The assessment speaks for itself:  “Queen’s University’s work atmosphere is rated as very good. Across the university, employees enjoy business casual dress; casual dress Fridays; can listen to music while working; can bring pets to work when needed; organized social events. Every year, the university hosts a staff appreciation day and Principal’s Holiday Reception during the Christmas season and long-service celebrations to recognize long-serving and retiring employees. Queen’s keeps employees informed and gathers feedback through a company newsletter; email suggestion box.”

Financial Benefits & Compensation = B

Again, a direct quotation:  “Queen’s University’s financial benefits are rated as average. To keep salaries competitive the company participates in outside salary surveys every 12 months. Individual salaries are reviewed every 12 months. Queen’s also provides a unique hybrid pension plan (includes both a guaranteed minimum benefit with the opportunity to enjoy the rewards of strong investment performance of the plan); life & disability insurance; discounted home mortgages.”

Health & Family-Friendly Benefits = A

Within this category and those for compensation and personal time-off—altogether comprising vacation, salary, and benefits—collective bargaining has made the difference.  Incidentally, Queen’s University takes credit in this category for providing summer camp programs for children (we thought these were run by the AMS, ASUS and other student clubs).

Vacation & Personal Time-Off = B+

For the advances we have made in vacation and personal time-off, thank collective bargaining.

Employment Engagement = B

Did you know that we have the ability to “provide confidential feedback on [our] manager’s performance”? Let’s get out those rating forms for the administrators! Did you know that “Queen’s University hires an outside consultant to conduct confidential employee satisfaction and engagement surveys”? We complete these every 2 years.  Really! That’s what it says!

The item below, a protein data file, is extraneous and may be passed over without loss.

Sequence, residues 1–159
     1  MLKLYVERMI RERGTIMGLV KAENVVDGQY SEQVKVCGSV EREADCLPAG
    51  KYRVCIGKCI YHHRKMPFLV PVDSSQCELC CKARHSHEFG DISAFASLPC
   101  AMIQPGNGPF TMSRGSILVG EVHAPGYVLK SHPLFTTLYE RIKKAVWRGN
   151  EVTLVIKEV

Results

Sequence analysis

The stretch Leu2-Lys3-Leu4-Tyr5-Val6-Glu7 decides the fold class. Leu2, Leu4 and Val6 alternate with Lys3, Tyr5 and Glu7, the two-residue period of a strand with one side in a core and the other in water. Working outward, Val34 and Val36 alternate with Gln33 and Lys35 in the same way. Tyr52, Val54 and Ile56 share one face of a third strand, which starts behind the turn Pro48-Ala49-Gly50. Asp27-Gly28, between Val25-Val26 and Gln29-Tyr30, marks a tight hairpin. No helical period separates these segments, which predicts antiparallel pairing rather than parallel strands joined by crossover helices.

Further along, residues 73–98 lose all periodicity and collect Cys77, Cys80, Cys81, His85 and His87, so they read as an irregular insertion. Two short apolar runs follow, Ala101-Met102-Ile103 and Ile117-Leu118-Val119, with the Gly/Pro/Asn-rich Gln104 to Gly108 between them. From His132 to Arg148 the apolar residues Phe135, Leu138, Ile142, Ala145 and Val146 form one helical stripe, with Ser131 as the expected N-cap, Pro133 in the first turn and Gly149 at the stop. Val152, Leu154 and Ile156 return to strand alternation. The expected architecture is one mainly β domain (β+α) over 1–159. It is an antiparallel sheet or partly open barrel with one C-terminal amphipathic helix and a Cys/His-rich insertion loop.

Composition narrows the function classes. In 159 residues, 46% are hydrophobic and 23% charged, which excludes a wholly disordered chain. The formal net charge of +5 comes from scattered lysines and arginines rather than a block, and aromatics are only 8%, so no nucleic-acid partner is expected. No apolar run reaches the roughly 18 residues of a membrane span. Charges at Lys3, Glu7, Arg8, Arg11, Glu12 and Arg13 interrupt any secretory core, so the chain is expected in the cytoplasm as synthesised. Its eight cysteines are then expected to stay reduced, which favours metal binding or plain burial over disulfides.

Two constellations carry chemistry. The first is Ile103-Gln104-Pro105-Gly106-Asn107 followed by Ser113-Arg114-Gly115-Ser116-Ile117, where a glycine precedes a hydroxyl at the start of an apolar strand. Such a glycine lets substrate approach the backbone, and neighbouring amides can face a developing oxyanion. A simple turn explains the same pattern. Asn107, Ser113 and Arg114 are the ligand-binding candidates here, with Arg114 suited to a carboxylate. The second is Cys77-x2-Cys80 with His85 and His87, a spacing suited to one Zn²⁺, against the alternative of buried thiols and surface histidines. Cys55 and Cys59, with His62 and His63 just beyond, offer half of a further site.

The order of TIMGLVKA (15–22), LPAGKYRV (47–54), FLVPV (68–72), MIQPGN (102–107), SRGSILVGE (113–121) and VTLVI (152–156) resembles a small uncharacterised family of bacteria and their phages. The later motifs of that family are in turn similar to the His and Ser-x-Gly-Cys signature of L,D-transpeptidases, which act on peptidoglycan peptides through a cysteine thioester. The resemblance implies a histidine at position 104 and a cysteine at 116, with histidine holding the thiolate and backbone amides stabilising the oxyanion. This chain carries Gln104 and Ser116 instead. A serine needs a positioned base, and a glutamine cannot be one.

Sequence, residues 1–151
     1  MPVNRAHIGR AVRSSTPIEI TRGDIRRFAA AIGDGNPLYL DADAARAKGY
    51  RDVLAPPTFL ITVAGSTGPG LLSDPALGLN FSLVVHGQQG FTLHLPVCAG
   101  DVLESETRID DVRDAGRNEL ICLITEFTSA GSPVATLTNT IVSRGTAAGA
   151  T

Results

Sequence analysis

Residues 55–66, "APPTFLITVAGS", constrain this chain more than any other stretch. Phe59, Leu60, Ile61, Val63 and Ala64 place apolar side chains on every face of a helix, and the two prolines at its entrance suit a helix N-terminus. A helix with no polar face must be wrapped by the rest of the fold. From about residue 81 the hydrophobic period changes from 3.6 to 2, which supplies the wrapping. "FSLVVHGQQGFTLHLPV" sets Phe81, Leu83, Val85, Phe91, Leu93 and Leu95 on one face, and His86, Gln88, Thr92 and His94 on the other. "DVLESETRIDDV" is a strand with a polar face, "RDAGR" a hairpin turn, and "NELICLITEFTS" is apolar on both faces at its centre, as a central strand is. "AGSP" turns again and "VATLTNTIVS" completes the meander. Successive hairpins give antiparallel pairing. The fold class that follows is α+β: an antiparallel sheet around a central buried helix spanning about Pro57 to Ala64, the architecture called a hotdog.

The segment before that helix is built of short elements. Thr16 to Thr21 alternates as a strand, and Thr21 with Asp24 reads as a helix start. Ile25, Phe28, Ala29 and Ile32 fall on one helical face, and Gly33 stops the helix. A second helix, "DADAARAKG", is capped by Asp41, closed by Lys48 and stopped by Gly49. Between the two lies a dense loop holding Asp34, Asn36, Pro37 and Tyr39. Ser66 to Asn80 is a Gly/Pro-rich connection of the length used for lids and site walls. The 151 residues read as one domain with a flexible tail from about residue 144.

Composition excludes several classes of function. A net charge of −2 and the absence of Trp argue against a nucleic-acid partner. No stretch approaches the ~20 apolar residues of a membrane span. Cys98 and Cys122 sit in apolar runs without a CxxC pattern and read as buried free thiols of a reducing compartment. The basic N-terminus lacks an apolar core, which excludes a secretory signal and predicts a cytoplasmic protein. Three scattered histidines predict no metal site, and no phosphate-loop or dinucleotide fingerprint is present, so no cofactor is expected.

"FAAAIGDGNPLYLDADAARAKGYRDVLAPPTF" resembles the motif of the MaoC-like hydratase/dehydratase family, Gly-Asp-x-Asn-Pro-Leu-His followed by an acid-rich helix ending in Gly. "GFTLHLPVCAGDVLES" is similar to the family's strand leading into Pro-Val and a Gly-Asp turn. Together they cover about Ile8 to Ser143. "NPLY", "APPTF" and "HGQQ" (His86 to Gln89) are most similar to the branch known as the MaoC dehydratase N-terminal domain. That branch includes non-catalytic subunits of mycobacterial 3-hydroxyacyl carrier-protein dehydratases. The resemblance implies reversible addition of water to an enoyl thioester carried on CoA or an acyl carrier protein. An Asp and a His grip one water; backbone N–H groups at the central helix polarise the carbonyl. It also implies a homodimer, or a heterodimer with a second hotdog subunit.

Training & Skills Development = A

Tuition subsidies, professional accreditation subsidies, in-house training programs, Queen’s tuition support. These benefits have been gained through collective bargaining and then extended.

Community Involvement = B

This entry is about charity support, especially United Way. “Reaching-out beyond the community, one university professor also applied his expertise in social and community work to lead a team to help establish social care centres in Sri Lanka following the 2004 tsunami. The university’s cancer researcher also participates in the annual Motorcycle Ride for Dad.” For these observations credit is due not to the employer but to the employees.

Do you recognize in these ratings and rationales the Queen’s University that employs you?

[1], accessed 17 March 2010.

[2] ibid.

[3] These category titles and configurations are Mediacorp’s.

This entry was posted in Collective Bargaining, Fair Employment. Bookmark the permalink.